In Madagascar 3, the animals are making yet another attempt at flying over the Atlantic. After a shady run in Monte Carlo, they crash-land somewhere in Europe. In order to escape the police, they hop on a circus train filled with animals who do lame acts. (And this is all hilarious, by the way.) Coincidence? I think not. Here’s where it gets extra awesome.

King Julien falls in love with a giant bear on a tricycle. For the past two movies, he was a king determined to rule not only Madagascar but also Africa and eventually New York–until he meets his “hairy queen”. For once, he is absolutely smitten with someone besides himself and it. is. precious. Sonja and Julien? Most beautiful love story in the entire history of the world. He steals the Pope’s ring for her. He buys her a Ducati. When they have their first fight, it is just heartbreaking. No, really. I…actually cried.

And the rest of the animals? Their only chance at getting back to New York is by wowing the pants off of an American circus promoter, so they set about the business bringing the circus back to its former glory…and then some.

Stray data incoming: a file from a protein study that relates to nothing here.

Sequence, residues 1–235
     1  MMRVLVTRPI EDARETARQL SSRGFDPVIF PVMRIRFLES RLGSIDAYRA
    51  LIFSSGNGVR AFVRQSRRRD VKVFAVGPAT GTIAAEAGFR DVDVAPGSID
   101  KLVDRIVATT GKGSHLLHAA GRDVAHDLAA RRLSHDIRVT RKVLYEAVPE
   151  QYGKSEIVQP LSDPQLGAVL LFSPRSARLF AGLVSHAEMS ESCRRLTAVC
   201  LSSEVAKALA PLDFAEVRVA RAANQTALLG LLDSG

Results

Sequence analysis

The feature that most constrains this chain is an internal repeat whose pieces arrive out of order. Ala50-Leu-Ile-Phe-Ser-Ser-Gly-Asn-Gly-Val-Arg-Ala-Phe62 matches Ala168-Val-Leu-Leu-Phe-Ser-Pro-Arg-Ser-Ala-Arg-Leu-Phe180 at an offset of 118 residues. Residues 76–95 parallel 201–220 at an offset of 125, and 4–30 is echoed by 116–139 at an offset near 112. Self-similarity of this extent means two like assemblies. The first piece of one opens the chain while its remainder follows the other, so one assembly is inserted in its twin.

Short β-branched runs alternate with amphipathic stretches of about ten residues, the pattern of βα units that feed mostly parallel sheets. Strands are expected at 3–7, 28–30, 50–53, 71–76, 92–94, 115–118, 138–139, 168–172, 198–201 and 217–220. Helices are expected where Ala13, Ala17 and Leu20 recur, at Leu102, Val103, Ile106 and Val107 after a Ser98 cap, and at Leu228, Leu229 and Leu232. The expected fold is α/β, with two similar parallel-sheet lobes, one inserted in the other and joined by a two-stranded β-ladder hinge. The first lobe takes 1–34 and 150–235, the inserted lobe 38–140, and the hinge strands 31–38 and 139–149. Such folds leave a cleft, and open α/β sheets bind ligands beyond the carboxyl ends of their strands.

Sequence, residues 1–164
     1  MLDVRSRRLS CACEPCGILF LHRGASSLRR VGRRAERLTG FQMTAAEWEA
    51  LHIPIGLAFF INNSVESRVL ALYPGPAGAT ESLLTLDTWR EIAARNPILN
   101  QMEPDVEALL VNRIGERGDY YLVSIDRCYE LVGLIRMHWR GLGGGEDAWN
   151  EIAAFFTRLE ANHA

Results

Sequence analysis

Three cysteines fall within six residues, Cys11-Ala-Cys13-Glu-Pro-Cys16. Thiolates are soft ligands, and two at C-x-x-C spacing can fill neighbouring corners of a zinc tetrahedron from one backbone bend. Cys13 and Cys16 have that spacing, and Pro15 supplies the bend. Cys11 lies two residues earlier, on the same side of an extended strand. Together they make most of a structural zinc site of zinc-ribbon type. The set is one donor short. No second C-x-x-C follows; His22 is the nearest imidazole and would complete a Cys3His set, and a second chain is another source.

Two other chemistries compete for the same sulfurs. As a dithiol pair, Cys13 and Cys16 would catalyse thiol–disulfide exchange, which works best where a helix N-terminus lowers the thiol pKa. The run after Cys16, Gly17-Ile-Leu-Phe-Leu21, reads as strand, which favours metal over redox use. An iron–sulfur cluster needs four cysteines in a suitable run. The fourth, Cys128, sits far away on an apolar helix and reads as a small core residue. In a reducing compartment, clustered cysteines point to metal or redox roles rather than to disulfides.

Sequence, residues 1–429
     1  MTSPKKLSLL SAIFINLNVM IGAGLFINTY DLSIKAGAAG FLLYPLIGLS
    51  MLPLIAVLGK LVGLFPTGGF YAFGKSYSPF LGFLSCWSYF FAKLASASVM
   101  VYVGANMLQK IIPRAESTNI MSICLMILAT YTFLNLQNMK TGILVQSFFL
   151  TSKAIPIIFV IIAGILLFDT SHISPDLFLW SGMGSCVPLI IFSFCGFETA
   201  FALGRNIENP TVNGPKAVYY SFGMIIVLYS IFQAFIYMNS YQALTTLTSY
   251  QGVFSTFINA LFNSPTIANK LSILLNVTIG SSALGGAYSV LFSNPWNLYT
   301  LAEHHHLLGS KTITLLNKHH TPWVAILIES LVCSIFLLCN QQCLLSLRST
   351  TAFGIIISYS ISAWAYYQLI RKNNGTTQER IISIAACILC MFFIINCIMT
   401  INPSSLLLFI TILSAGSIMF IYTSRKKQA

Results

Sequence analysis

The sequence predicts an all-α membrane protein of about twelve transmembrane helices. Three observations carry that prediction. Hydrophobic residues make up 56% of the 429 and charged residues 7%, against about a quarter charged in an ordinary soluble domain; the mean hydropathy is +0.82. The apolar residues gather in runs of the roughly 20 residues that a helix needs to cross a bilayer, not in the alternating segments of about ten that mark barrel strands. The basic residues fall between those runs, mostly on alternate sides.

Alex does trapeze. Marty gets shot out of a cannon. Melman and Gloria dance on a tightrope together. There are lasers and neon and lights and colors and gigantic smiles on the faces of all the animals. They are free and alive. They are seeing the world. They inspire the other animals. They entertain the crowds and they make the children happy.

Best of all, they wear rainbow-colored afro-wigs and sing maniacally.

It’s beautiful, really, the way these animals finally find their hearts’ desires (thrill, freedom, friendship of circus life)–even though they set out in the beginning seeking something totally different (the security and tranquility of the zoo).

So here I go off on my tangent: Isn’t life just like that? We think we want one thing and then life takes us for a crazy ride and we realize we’re totally happy and fulfilled with something quite the opposite of what we started out to find.

I know that has been just about the way of it for me. What I think will bring me peace usually brings me pain. Avoiding my fears doesn’t give me courage. And sticking to the expected, well-worn path leads me to a safe, secure…DEAD END.